U.S Secretary of State Mike Pompeo has blamed Iran for Saturday’s drone attacks on Saudi oil facilities.
He dismissed a claim by Yemeni Houthi rebels that they had attacked the two facilities, run by state-owned company Aramco.
Saudi Arabia’s energy minister said the strikes had reduced crude oil production by 5.7 million barrels a day – about half the kingdom’s output.
Correspondents say they could have a significant impact on world oil prices.
TV footage showed a huge blaze at Abqaiq, site of Aramco’s largest oil processing plant, while a second drone attack started fires in the Khurais oilfield.
The Saudis lead a Western-backed military coalition supporting Yemen’s government, while Iran backs the Houthi rebels.
If the rebels were responsible for the attacks, their drones would have had to fly hundreds of miles from Yemen into central Saudi Arabia.
Meanwhile experts are investigating whether the attacks could have been carried out from the north – either by Iran or its Shia allies in Iraq – using cruise missiles rather than drones, the Wall Street Journal reports.
Tensions between the US and Iran have escalated in recent months. since US President Donald Trump abandoned a deal limiting Iran’s nuclear activities last year and reinstated sanctions.
In a tweet, Mr Pompeo said there was “no evidence” the drones came from Yemen.
He described the attack as “an unprecedented attack on the world’s energy supply”.
“We call on all nations to publicly and unequivocally condemn Iran’s attacks,” Mr Pompeo added.
The US would work with its allies to ensure energy markets remained well supplied and “Iran is held accountable for its aggression”, he added.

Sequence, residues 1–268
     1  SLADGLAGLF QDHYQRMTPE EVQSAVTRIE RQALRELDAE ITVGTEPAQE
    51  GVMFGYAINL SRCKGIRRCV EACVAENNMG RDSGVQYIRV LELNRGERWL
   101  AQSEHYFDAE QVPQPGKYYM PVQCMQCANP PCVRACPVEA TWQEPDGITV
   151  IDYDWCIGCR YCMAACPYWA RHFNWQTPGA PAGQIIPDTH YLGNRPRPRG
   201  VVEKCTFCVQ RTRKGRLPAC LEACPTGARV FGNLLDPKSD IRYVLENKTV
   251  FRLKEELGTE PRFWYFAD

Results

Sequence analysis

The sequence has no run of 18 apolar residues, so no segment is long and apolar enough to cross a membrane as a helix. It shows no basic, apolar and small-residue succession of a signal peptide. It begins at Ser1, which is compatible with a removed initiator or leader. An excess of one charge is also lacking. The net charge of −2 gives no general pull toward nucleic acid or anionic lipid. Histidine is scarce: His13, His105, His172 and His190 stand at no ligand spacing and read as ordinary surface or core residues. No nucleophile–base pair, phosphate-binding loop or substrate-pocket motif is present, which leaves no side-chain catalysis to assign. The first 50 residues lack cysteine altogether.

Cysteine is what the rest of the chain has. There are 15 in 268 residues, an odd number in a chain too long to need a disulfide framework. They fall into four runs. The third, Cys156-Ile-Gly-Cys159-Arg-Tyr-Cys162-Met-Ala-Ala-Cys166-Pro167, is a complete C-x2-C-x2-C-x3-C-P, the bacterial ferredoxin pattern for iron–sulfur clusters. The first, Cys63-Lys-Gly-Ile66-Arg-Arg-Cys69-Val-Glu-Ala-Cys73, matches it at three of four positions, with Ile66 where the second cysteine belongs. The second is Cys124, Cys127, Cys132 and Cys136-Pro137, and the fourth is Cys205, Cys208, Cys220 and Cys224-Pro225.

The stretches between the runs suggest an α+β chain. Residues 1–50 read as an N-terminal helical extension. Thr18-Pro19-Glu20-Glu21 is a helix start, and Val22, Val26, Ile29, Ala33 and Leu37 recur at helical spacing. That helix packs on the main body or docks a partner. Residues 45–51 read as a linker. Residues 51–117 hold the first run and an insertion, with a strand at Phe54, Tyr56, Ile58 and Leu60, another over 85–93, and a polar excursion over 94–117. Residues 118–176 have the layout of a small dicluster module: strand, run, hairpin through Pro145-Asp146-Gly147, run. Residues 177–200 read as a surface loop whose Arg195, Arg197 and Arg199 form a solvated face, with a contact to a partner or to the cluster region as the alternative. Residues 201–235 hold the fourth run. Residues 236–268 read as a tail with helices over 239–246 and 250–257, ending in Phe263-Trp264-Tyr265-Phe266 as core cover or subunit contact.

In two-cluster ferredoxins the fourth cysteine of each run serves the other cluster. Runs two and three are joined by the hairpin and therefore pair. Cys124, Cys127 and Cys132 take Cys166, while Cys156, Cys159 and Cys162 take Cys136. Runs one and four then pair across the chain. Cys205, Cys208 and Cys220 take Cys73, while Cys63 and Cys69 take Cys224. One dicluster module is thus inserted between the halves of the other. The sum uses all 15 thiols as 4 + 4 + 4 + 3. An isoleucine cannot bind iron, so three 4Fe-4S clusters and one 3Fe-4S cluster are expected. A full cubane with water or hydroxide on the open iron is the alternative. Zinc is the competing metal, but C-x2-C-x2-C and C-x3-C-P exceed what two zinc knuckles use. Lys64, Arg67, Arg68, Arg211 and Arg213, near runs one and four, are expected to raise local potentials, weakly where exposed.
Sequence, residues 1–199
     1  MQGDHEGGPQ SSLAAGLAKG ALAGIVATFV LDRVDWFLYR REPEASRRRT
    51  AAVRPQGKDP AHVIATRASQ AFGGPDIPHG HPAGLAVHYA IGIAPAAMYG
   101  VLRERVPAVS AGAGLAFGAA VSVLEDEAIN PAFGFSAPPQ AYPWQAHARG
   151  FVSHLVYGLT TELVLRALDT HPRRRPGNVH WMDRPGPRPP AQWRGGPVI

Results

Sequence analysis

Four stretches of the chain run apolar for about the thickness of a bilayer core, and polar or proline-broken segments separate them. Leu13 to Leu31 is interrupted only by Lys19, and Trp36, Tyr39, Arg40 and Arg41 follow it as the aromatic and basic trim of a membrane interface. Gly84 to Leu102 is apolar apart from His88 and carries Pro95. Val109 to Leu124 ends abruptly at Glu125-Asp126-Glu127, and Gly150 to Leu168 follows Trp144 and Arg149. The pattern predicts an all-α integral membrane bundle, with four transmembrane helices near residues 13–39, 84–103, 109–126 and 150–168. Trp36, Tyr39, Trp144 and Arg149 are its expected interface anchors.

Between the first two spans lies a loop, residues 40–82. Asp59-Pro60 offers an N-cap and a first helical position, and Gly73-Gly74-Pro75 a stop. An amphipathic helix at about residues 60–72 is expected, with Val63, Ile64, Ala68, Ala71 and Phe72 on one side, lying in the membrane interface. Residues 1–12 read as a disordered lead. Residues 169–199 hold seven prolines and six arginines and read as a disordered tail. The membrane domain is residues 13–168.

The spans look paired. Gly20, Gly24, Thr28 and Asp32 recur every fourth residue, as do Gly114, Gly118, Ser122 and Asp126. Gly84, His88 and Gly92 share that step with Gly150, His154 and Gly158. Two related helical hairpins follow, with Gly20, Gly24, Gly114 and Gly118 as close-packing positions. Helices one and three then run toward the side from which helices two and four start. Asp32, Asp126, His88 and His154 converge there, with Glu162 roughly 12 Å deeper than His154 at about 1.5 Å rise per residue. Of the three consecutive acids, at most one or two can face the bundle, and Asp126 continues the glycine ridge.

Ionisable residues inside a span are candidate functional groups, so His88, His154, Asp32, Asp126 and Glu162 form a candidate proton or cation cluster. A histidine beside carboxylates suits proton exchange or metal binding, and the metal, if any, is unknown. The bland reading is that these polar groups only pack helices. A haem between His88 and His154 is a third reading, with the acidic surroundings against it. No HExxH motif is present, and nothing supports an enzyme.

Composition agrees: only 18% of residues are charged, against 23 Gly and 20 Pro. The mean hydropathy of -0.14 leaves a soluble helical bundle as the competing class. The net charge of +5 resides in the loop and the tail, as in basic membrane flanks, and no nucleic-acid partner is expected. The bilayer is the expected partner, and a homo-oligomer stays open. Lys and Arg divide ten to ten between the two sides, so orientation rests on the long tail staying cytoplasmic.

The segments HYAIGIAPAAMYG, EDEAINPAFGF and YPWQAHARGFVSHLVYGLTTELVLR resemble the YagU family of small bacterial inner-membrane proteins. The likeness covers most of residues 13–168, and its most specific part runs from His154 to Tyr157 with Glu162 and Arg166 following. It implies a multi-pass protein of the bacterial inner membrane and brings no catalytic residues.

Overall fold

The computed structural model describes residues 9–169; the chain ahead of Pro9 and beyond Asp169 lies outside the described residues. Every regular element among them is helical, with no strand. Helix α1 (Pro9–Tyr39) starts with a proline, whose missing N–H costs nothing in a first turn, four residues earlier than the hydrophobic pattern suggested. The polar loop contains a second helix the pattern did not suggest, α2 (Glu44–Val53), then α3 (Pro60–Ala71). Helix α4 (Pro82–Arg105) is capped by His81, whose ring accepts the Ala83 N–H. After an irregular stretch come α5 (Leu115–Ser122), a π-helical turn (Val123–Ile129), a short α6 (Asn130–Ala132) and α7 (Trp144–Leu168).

The White House said Mr Trump had offered US support to help Saudi Arabia defend itself.
A spokesman said the rebels had deployed 10 drones in the attacks.
Yahya Sarea told al-Masirah TV, owned by the Houthi movement and based in Beirut, that further attacks could be expected in the future.
He said Saturday’s attack was one of the biggest operations the Houthi forces had undertaken inside Saudi Arabia and was carried out in “co-operation with the honourable people inside the kingdom”.
There are no details about the damage caused by the attacks but officials say there were no casualties.
Saudi state media reported that Saudi Crown Prince Mohammed bin Salman had told President Trump in a telephone conversation that the kingdom was “willing and able to confront and deal with this terrorist aggression”.
Abqaiq is about 60km (37 miles) south-west of Dhahran in Saudi Arabia’s Eastern Province, while Khurais, some 200km further south-west, has the country’s second largest oilfield.
Saudi security forces foiled an attempt by al-Qaeda to attack the Abqaiq facility with suicide bombers in 2006.
The Iran-aligned Houthi rebel movement has been fighting the Yemeni government and a Saudi-led coalition.
Yemen has been at war since 2015, when President Abdrabbuh Mansour Hadi was forced to flee the capital Sanaa by the Houthis. Saudi Arabia backs President Hadi, and has led a coalition of regional countries against the rebels.
The coalition launches air strikes almost every day, while the Houthis often fire missiles into Saudi Arabia.
Mr Sarea, the Houthi group’s military spokesman, told al-Masirah that operations against Saudi targets would “only grow wider and will be more painful than before, so long as their aggression and blockade continues”.
Houthi fighters were blamed for drone attacks on the Shaybah natural gas liquefaction facility last month, and on other oil facilities in May.
There have been other sources of tension in the region, often stemming from the rivalry between Saudi Arabia and Iran.
Saudi Arabia and the US both blamed Iran for attacks in the Gulf on two oil tankers in June and July, allegations Tehran denied.
Tension in the vital shipping lanes worsened when Iran shot down a US surveillance drone over the Strait of Hormuz in June, leading a month later to the Pentagon announcing the deployment of US troops to Saudi Arabia.